# Total Risk

# Total Risk

## The Coefficient-of-Variation

One measure of an investment's absolute performance is its variance around the mean of past returns. In this context, the smaller the variance, the more stable the series of returns and consequently the lower the risk associated with such an investment. However, one difficulty encountered in its application, is that higher returns often coincide with higher risks.

A common device employed to overcome this difficulty is the statistical measure known as the coefficient-of-variation.^{4} When applied to an investment, the coefficient-of-variation is defined as follows:

where *μ _{α}*, is the mean of investment α and

*σ*is the standard deviation of investment

_{α}*α*.

This presents two problems. The average return over the period in question may be negative. Given that a poor return coupled with high volatility is assumed to be dividing a negative number by a denominator unattractive, has the opposite effect to that required, as the negativity of the result is reduced when it should increase.

The second problem is the impact that the standard deviation has on the result. Over

a reasonable period of time, returns are usually higher than the associated risk measure. The standard deviation therefore has a greater influence on the measure due to the range of standard deviations being higher than the range of average returns. In particular, the existence of extreme outliers creates instability, which results in excessive changes in the coefficient-of-variation ranking, when compared to the returns-only ranking.

The *t*-statistic is a measure of statistical significance, derived by dividing the coefficient-of-variation by its standard error. The standard error of the coefficient-of-variation is one over the square root of the number of years in the period. Thus, the *t*-statistic equals the coefficient-of-variation multiplied by the square root of the number of years. For example, 36 years of annual data would be required in order to test whether a fund manager's performance, with an average return of two percent p. a. above his benchmark and a standard deviation of six percent p.a., was statistically significant. Therefore, in order to test the significance of a measure, one often needs a long time series which may be prohibitive.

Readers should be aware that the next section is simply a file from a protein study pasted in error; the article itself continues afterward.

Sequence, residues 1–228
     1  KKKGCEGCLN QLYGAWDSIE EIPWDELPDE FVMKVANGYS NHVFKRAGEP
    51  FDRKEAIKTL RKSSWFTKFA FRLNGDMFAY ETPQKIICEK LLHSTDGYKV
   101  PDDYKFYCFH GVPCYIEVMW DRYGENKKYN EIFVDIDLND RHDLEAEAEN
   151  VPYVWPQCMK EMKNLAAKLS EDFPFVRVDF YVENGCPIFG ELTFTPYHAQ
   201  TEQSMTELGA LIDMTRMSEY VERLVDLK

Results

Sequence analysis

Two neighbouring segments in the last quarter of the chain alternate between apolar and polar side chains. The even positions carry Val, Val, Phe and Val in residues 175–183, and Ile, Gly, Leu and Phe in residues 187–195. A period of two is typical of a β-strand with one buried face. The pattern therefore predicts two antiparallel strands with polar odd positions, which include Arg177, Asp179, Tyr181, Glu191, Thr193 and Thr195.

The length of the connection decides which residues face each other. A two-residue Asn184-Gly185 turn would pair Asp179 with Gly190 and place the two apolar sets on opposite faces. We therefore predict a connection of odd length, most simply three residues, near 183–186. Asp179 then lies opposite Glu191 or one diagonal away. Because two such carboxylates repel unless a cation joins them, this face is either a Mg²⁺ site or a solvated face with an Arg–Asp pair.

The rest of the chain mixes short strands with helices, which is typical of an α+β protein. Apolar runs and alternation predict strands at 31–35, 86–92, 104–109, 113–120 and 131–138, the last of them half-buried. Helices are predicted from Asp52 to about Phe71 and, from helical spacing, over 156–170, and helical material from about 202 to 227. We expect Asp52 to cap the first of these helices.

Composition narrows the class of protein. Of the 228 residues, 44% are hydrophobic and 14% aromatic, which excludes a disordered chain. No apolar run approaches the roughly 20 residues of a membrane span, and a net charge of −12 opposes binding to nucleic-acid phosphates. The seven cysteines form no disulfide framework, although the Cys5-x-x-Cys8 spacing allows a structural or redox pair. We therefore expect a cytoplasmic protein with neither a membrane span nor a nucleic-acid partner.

The coefficient-of-variation is thus a measure of relative dispersion used to compare the risk of assets with differing expected returns. However, there is a theoretical defect with the coefficient-of-variation which is not mentioned above. It accentuates the relationship between risk and return because it takes no account of a risk-free rate-of- return always being available.

## Excess Return to Variability Measure

This is one of the measures first utilised in portfolio evaluation, and is alternatively known as the Sharpe measure or Sharpe ratio (Sharpe [1966]). It is simply the coefficient-of-variation with an investments mean return entering the equation net of

the risk-free rate. All combinations of any portfolio and the risk-free asset are assumed to lie on a line that intersects the vertical axis at *R _{f}*. The preferred portfolio, according to the Sharpe measure, is that which lies on the ray passing through

*R*which lies furthest in the counter-clockwise direction. This is equivalent to stating that the slope of the ray is the highest.

_{f}The slope of the line is given by:

where *R _{f}* is a proxy for the risk-free rate of interest, the arithmetic mean return, and

*σ*the standard deviation of the excess return on portfolio

_{p}*p*during the period under consideration.

The Sharpe measure - equation (4.1) - is usually compared to a similar ratio:

for a passive index, such as the Financial Times All-Share Index. It attempts to measure whether the sample return of the investment (above the risk-free rate) was sufficient for the total risk being borne. Further discussion of the Sharpe measure is undertaken in the next section.

However, a number of theoretical problems remain unresolved in this area of risk analysis. These include:

- the assumed continuous - as opposed to discrete - distribution of variables;
- the possibility of a skewed distribution (further discussed in Chapter 6); and/or
- serial correlation between cash flows of the various investment opportunities.
^{5}

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^{4}For an example of this measure being applied in the analysis of real estate risk and return, see MacGregor & Nanthakumaran [1992].

^{5}For a detailed discussion see Baum & Crosby [1988].